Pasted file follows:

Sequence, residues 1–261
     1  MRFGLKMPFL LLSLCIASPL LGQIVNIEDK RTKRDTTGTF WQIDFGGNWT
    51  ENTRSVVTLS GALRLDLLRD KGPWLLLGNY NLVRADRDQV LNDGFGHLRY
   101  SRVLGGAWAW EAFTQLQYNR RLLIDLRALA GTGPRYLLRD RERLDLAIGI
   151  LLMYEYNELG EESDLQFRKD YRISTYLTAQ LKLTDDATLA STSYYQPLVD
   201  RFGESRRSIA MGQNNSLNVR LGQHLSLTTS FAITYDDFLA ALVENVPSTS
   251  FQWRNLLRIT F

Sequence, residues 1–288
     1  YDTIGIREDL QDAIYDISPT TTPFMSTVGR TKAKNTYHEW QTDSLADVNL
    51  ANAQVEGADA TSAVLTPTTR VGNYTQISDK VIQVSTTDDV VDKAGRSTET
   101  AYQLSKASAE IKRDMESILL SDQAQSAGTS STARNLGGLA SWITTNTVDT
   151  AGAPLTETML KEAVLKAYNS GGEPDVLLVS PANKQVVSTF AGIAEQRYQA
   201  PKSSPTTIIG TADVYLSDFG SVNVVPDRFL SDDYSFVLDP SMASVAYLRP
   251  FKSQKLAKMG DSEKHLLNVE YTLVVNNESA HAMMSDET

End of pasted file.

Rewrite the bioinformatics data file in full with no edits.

Sequence, residues 1–261
     1  MRFGLKMPFL LLSLCIASPL LGQIVNIEDK RTKRDTTGTF WQIDFGGNWT
    51  ENTRSVVTLS GALRLDLLRD KGPWLLLGNY NLVRADRDQV LNDGFGHLRY
   101  SRVLGGAWAW EAFTQLQYNR RLLIDLRALA GTGPRYLLRD RERLDLAIGI
   151  LLMYEYNELG EESDLQFRKD YRISTYLTAQ LKLTDDATLA STSYYQPLVD
   201  RFGESRRSIA MGQNNSLNVR LGQHLSLTTS FAITYDDFLA ALVENVPSTS
   251  FQWRNLLRIT F

Sequence, residues 1–288
     1  YDTIGIREDL QDAIYDISPT TTPFMSTVGR TKAKNTYHEW QTDSLADVNL
    51  ANAQVEGADA TSAVLTPTTR VGNYTQISDK VIQVSTTDDV VDKAGRSTET
   101  AYQLSKASAE IKRDMESILL SDQAQSAGTS STARNLGGLA SWITTNTVDT
   151  AGAPLTETML KEAVLKAYNS GGEPDVLLVS PANKQVVSTF AGIAEQRYQA
   201  PKSSPTTIIG TADVYLSDFG SVNVVPDRFL SDDYSFVLDP SMASVAYLRP
   251  FKSQKLAKMG DSEKHLLNVE YTLVVNNESA HAMMSDET